That's what happened to me this morning when I logged on to Facebook and read a post by WLRN/Miami Herald reporter Nadege Green.
Here's her post:
Awesome news: Last year I posted about a teenager who lives near me and was a prolific hanger outer -- he skipped school, hung out by the 7-11. My husband reached out to him one day and invited him over for dinner.
From there they formed a bond. I would eavesdrop on their conversations where the husband would share his personal story or hand him a book to read. He told the teen, "kings don't hang out on corners, kings aren't bums."
Sometimes the husband would drop him off to night school to catch up on the days he would skip. In recent months I noticed a change. He stopped hanging out with the boys on the streets. He joined the 5000 role models and proudly wore the signature red tie. A few weeks ago I ran into him and he said, "Miss, I'm doing real good in school now. Really good."
I smiled and told him to keep it up. Yesterday, he dropped by the house to show the husband just how good he was doing. He had a paper in his hand, it was a certificate: The Principal's Honor Roll. He earned straight As in all his classes.
Then he told the husband: "Thank you for inspiring me." He said he didn't want anything, no gift or reward for doing well in school, that's what he's supposed to do, he said, But then he asked for a frame. He can't afford one and would like to hang his certificate in his room. So proud of this young man. #eachoneteachone #reachback #thepowerofmentors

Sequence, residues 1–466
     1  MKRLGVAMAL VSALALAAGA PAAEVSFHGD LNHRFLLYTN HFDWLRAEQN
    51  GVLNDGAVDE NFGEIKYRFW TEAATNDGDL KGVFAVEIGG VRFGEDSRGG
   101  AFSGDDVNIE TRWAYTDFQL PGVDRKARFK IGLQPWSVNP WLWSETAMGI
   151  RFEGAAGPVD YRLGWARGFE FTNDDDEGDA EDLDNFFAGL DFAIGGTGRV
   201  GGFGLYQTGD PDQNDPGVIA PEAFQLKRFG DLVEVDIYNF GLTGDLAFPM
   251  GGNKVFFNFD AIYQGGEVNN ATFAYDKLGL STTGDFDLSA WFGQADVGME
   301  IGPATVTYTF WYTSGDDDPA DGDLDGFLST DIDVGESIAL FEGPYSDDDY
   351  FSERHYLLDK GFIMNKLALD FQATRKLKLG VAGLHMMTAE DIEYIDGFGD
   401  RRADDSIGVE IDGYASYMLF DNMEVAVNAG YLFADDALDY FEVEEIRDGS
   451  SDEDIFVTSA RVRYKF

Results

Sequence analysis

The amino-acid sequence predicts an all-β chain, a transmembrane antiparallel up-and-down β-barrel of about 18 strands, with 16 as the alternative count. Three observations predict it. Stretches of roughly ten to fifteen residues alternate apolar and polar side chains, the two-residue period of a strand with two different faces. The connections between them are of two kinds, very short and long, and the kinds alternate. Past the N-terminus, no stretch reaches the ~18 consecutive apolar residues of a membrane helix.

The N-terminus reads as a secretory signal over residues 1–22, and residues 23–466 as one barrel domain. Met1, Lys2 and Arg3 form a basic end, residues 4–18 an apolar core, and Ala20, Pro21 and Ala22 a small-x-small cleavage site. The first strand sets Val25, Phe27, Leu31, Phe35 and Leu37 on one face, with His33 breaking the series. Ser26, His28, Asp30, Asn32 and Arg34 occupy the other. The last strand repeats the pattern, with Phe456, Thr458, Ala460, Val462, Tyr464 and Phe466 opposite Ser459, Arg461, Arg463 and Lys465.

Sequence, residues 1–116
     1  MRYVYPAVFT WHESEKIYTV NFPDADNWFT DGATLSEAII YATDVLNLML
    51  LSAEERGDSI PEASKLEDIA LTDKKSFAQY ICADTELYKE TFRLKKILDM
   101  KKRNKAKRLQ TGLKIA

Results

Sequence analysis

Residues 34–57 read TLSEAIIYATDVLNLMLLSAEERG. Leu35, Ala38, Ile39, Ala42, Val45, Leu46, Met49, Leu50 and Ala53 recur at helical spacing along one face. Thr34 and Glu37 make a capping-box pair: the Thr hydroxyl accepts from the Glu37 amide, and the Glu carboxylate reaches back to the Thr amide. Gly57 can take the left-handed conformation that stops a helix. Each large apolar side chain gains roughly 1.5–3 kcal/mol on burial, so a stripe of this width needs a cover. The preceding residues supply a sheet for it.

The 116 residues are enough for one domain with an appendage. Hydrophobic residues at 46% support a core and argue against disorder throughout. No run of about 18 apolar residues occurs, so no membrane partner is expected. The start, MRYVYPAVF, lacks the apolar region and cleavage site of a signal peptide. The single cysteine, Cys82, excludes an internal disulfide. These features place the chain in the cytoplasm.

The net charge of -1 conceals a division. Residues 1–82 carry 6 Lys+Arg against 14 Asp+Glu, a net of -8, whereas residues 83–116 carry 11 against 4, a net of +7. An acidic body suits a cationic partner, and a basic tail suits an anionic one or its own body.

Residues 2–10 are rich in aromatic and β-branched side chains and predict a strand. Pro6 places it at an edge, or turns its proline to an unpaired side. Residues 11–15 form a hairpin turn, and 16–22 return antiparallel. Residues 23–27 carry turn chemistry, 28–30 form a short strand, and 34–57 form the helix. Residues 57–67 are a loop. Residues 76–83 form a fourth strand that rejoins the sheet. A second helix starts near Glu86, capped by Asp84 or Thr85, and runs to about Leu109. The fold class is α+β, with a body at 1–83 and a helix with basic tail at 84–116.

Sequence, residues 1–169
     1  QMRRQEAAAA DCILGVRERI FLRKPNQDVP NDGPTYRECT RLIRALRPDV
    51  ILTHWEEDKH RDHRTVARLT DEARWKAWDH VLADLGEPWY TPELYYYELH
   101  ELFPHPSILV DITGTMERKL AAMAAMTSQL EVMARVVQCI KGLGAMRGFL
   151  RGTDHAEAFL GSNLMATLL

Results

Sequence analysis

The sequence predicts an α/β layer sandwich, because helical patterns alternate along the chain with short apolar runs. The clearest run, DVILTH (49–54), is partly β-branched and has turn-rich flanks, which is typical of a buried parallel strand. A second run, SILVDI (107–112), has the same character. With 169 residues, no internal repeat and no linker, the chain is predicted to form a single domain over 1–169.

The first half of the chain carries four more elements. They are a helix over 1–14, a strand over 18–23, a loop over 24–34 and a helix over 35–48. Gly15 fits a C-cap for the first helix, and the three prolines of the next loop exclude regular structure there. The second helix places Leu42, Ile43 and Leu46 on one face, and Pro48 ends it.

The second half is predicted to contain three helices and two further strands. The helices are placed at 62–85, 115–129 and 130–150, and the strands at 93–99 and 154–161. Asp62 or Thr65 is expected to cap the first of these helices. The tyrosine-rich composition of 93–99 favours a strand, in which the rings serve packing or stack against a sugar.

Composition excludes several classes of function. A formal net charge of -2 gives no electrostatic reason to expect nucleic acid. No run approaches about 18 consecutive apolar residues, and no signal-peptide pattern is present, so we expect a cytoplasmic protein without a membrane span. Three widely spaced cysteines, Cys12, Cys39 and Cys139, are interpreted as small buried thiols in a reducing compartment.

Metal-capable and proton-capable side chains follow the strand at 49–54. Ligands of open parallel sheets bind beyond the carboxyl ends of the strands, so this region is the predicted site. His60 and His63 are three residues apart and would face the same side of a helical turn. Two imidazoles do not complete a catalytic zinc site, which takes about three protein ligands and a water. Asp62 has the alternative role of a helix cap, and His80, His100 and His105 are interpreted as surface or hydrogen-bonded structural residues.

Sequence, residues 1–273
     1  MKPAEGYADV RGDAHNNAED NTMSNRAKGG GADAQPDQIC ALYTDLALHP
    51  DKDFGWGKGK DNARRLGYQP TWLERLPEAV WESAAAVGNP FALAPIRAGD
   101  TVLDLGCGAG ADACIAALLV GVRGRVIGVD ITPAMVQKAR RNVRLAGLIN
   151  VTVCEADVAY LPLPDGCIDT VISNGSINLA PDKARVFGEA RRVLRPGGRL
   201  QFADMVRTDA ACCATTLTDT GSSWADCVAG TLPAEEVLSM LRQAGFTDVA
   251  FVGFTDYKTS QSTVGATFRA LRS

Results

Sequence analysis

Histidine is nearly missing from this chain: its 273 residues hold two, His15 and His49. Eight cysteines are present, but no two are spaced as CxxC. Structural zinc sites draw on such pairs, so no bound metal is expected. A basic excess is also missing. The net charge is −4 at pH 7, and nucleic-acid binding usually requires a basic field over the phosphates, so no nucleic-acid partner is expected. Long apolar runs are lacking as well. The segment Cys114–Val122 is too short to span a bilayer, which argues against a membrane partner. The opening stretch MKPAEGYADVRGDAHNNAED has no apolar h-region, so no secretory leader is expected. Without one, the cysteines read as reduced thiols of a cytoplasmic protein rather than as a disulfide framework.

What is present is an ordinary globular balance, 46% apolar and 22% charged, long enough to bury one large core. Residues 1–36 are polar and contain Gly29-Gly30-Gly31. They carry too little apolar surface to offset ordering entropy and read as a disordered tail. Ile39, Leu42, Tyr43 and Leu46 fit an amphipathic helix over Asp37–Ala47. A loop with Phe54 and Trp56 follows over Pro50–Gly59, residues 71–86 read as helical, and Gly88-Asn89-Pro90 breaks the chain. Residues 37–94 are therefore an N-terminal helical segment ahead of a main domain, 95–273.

In a subsequent post, Green explained what had motivated her husband:
My husband tends to notice all the young boys on our block who at first glance might appear to be misguided. He always speaks to them. When we moved into our house a few years ago, there was a 13-year old who lived next door. The 13-year old was also friends with the teen who got the honor roll . My husband noticed he looked sad and like he needed some positive energy in his life. He didn't get around to reaching out to the 13-year old for some time because life happens and he was busy. Then, one day another neighbor came up to us to deliver bad news. The 13-year old was shot and killed in Little Haiti. It broke my husband's heart. He felt that maybe if he had gotten around to talking to this 13-year old, maybe he wouldn't have been in Little Haiti that day. Maybe he would still be alive. Shortly after the 13-year old died my husband vowed not to let being busy get in the way of making time for someone else. So when he saw the teen at 7-11, he said I'm not going to wait, I'm getting him now.
Many of Green's friends responded with messages like this: "Thank you for sharing this, it brought tears to my eyes! Very inspirational - now let's go see which one of my students I can inspire today!"
Others asked if they could contribute money to help the young man buy the frame or some school supplies.
A few hours later, Green followed up with this note:
I am overwhelmed by the number of you who have contacted me personally to contribute cash or school supplies or something for the young man in the post from earlier. Here's what you can do if you want: Write an encouraging note addressed to Igor (that's his name). Sign your name and your title if you want (journalist, student, police officer, photographer) Send it to me via Facebook messaging, on my wall or email firstname.lastname@example.org I will compile your sweet words and present them to him this weekend when we give him his frame during dinner. You guys are the best!